The lyrical figures of painter Jason Juan


Female Model, oil on linen, 24 x 30 in.

by Michael Accorsi

Peruse Jason Juan’s expressive, figurative work with your favorite music playing and glass of wine – it’s an experience within itself.  I had the opportunity to interview Jason this past week for EIL – enjoy!

MA: Tell us a little about your art background and studio. Where do you do most of your work?

Jason Juan: I recently moved to Bay Area. The art scene is still new to me at this point. For the last nine years I lived in Seattle and worked with Eastside Artists Collaborative, Gage Academy of Art, and Art or Not Terminal. I learned a great deal at EAC which is run by Larine Chung. We started to incorporate windows with natural light to the settings which create the best quality of lighting on the subjects.

 

Artist, oil on linen, 12 x 16 in.

Artist is a portrait of my artist friend. It is such a joy when a painting got done so smoothly and everything just feel right. If the setting and lighting are right, the painting is halfway done. When I was painting him, he was actually drawing as well until the last ten minutes I asked him to look at me so I could finish the eyes.

MA: Can you tell us the methods you use to start a large work?:  (sketches, smaller mock-ups, etc.)

Jason Juan: Before I paint a large sized painting, I prepare a smaller oil sketch usually around 9”x 12” to 16”x20”, or Charcoal/Pencil sketch which is usually 8.5”x 11”. With large work, it has to be done in several stages. I prefer to paint straight for a few hours so the canvas is still wet or wait for another week until it totally dried so I can work on it again. Sometimes sandpaper is used in the process especially for the smooth area such as skin before I put another layer of paint. I also paint over my old work a lot if some of the abstract elements in the old work is something I was to help in the composition for the new painting.

Temptation, oil on Linen, 24 x 30 in.

Temptation is a painting I developed from a quick sketch at one of my drawing sessions. The primary sketch is pictured below.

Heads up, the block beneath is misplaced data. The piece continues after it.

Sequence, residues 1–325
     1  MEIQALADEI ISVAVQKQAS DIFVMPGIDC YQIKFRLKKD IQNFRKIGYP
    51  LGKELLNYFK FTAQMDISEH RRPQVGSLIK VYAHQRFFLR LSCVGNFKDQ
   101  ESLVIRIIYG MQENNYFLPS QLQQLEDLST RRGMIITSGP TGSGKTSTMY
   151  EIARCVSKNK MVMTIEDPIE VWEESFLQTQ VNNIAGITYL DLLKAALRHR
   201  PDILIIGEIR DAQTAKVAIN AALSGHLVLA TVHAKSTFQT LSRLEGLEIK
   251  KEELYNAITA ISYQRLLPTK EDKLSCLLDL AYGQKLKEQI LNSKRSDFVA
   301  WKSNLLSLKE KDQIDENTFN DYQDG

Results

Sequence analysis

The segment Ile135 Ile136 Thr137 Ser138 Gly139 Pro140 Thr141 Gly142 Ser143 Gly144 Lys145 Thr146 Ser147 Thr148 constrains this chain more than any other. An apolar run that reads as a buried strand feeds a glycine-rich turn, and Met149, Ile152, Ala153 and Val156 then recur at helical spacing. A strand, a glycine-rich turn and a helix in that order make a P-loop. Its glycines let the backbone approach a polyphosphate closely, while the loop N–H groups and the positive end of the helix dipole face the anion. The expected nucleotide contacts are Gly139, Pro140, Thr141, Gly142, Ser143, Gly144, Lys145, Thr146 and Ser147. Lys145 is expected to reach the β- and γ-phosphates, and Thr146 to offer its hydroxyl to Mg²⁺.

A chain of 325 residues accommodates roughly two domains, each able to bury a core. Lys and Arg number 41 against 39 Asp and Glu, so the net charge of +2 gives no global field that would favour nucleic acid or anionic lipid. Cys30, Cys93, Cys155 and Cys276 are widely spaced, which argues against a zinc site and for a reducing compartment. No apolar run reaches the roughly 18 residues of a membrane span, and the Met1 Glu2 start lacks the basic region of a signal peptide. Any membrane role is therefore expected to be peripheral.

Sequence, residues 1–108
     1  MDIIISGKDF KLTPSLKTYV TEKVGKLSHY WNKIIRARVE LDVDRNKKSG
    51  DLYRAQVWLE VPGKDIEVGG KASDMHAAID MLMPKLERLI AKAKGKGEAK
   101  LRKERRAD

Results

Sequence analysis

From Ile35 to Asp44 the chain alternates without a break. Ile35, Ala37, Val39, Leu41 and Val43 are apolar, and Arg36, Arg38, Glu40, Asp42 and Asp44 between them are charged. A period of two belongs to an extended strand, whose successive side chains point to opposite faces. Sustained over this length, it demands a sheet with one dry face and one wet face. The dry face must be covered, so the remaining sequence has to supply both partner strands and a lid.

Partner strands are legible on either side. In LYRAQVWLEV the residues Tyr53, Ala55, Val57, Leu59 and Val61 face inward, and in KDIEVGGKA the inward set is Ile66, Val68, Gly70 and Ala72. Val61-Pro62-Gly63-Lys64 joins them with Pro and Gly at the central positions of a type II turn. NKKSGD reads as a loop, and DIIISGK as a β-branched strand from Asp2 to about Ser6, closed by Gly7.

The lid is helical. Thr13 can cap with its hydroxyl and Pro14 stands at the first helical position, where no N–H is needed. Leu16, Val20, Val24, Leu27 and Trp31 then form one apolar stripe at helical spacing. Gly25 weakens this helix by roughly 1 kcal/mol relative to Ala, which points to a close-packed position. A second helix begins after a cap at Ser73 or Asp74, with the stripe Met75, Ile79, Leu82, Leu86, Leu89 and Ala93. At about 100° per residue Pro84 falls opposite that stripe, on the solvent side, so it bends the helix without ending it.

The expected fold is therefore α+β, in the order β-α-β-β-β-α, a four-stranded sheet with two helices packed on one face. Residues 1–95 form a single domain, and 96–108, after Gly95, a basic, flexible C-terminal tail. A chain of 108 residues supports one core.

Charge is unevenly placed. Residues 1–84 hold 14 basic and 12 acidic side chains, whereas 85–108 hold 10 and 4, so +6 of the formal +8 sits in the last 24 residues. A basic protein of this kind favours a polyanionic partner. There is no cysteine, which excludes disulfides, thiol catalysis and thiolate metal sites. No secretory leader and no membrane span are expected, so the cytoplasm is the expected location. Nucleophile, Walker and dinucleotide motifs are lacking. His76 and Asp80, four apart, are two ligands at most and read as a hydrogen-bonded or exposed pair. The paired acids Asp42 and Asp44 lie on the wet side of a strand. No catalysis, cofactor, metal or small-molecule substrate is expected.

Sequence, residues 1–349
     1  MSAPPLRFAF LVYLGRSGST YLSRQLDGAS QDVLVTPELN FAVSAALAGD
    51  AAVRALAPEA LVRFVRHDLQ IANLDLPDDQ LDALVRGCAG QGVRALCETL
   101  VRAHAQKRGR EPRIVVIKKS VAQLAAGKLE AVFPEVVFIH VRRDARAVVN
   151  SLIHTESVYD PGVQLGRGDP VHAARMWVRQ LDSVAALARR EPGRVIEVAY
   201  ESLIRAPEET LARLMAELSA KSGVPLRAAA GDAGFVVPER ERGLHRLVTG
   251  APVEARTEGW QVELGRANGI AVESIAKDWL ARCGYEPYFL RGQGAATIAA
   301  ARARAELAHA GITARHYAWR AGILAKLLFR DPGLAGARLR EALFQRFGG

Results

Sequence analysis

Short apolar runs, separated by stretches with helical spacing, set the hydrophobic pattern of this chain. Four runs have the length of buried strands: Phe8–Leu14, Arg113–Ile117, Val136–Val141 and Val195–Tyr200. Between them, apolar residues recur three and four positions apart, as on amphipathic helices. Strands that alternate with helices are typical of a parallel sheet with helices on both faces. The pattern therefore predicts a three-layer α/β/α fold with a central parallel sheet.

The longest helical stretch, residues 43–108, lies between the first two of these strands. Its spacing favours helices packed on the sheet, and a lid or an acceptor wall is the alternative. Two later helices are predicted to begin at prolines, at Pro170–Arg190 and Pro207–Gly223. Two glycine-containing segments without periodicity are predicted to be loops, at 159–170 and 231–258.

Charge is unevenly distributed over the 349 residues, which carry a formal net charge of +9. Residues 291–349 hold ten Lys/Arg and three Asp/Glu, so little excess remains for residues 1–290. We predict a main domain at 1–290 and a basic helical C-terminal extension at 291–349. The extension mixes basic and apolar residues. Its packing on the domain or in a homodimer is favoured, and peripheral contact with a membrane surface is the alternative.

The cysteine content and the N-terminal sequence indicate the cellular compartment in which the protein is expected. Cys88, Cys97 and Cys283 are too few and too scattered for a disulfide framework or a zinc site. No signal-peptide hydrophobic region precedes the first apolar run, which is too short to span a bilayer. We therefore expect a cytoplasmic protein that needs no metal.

MA: What I enjoy about your figurative work is the interplay between realistic classical figurative work, then some interpretive contemporary twists and loose styles – how does this ability to have versatility work for you?

Jason Juan: I believe the contemporary twists and loose styles you saw in my paintings were from what I learn in Chinese calligraphy. Chinese calligraphy contains many elements which I feel has big connection with human figures, and sometimes I even feel they could be the same such as certain curve lines, compositions, and the power of the strokes.

 

Figure Sketch, carbon pencil on paper

MA: Are there any contemporary artists that you admire or made impressions on your work?

Jason Juan: There are many contemporary artists who have inspired my work. Here are just few of them: Chuck Close, Lucian Freud, David Leffel, Jeremy Lipking, Nikolay Blokhin and Carl Jackson, who is one of my instructors in school, and he shared personal and painting experience with me while I was learning to draw between 2002-2005.

 

The Light #3, oil on canvas22 x 28 in.

MA: Where can interested collectors see and purchase you work?

Jason Juan: I worked on both traditional media and digital media. Waterhouse Gallery at Santa Barbara carry some of my oil paintings. Visit my blog or contact me for more detail info if you are interested in more paintings and limited archival paintings of my digital works.

 

Jason Juan in his studio

 

 Jason Juan is a traditional and digital artist working in the San Francisco   Bay area.  After working for nine years in the Seattle art scene Juan is making an impression on contemporary artists across California.  See more of his work and drop him a note on his blog or his website.

 

 

 

 

Michael Accorsi

Michael Accorsi is an artist, painter working from his studio in Northern California. He writes about art on his blog Plotlines Art Journal. Connect with Michael on Facebook and Twitter as well.